Culture Junkie: On living and dying, the power of theater and ‘Our Town’

OUR TOWN 1There are three kinds of people.

The people who love Thornton Wilder’s classic play “Our Town,” the people who hate it, and the people who’ve yet to decide because they’ve never actually seen a production of it.

For the record, I’m one of the first ones.

I love “Our Town.”

I can even quote whole passages. So I’m going to end this column with my favorite line from the play.

How much do I love it?

If aliens landed and asked me to suggest one play that best defines and encapsulates American human beings of the 20th Century, I’d hand them a copy of “Our Town.” Or better yet, I’d take them to see a production of it. One generally doesn’t have to wait long for some theater company or other to stage the play. No matter how many people say they hate it, there’s always someone ready to take a crack at staging the thing.

“Our Town,” of course, focuses on the lives of the people of Grover’s Corners, New Hampshire, and takes place at various moments between 1901 to 1913. Narrated by a mysterious, godlike character called “The Stage Manager,” it’s separated into three sections, titled “Daily Life,” “Love and Marriage” and “Death and Eternity.” The primary are Emily Webb and George Gibbs, next-door neighbors who start out as kids and then, in fits and starts, grow up, get married, and as the final third’s title indicates, move from the tiny daily details of life to a face-off with some of the biggest questions human beings ask. The first time I saw “Our Town,” it took my breath away.

It continues to take my breath away, whether in a professional or nonprofessional production, whether fully living up to its potential or only hinting at it. And I’ve seen the full spectrum.

Our Town 3I was recently asked how many times I have seen the 1938 Pulitzer winner. It was last Saturday, actually, while handing over my ticket to see Novato Theatre Company’s current staging of Wilder’s indelible, unstoppable play. For the record, Novato Theater Company – a plucky little community theater nonprofit with a home base in a small strip mall just off the freeway — is now celebrating its 100th anniversary. This means that NTC had been operating for 18 years when the Wilder produced “Our Town,” taking a crack at solving what he saw as a major predictability and laziness problem on the American stage. He had already earned one Pulitzer Prize, for his 1927 novel “The Bridge of San Luis Rey,” and would go on to claim a third, for his 1942 play “The Skin of Our Teeth.”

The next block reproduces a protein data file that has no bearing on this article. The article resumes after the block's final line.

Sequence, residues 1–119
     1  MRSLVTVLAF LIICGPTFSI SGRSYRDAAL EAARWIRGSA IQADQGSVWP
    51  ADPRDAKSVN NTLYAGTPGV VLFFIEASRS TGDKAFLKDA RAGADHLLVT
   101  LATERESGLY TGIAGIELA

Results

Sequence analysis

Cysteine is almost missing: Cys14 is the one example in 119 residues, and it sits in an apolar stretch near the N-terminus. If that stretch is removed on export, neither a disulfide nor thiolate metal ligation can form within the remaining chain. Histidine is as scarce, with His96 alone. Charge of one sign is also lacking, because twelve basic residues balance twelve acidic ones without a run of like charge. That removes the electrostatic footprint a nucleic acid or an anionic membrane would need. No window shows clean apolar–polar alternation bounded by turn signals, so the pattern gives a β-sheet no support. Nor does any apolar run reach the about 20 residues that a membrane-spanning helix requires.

“Our Town” is the one he’ll be remembered for.

But … back to last Saturday night.

It was Norman Hall, the veteran North Bay actor, who asked me that question, about my own history with “Our Town,” as he took my ticket at the door. That’s one charmingly consistent thing about North Bay theater: one week you can see an actor playing the lead in a play somewhere, and the next weekend you’ll run into them volunteering as an usher or parking lot attendant somewhere else.

It’s not called Community Theater for nothing.

Anyway. It took me a moment to do the math in my head. After a few seconds, I informed Norman that, including the production I was about to see, I can claim to have caught seven live productions of “Our Town,” in addition to seeing the 1940 film adaptations and a three different made-for-television versions, including my favorite, the 2003 PBS/Showtime production starring Paul Newman.

Our town 2That production, based on the 2002 Broadway run directed by James Naughton, retained Wilder’s instructions that the play be performed on a bare stage with no scenery, minimal furnishings beyond a couple of tables, some ladders, several wooden chairs, and no props. As Wilder himself made crystal clear, though the story the actors tell takes place in Grover’s Corners at the turn of the century, “Our Town,” the play, is set in a modern day theater. Wilder warned people not to stray from that. The play has got to remain a drama about people in a theater performing a drama about people in a small town. Today, it would be called “meta,” a concept Wilder more-or-less helped introduce to the American stage.

That’s one of the things I love about it, honestly.

[Click HERE to read the full column in the Petaluma Argus-Courier]

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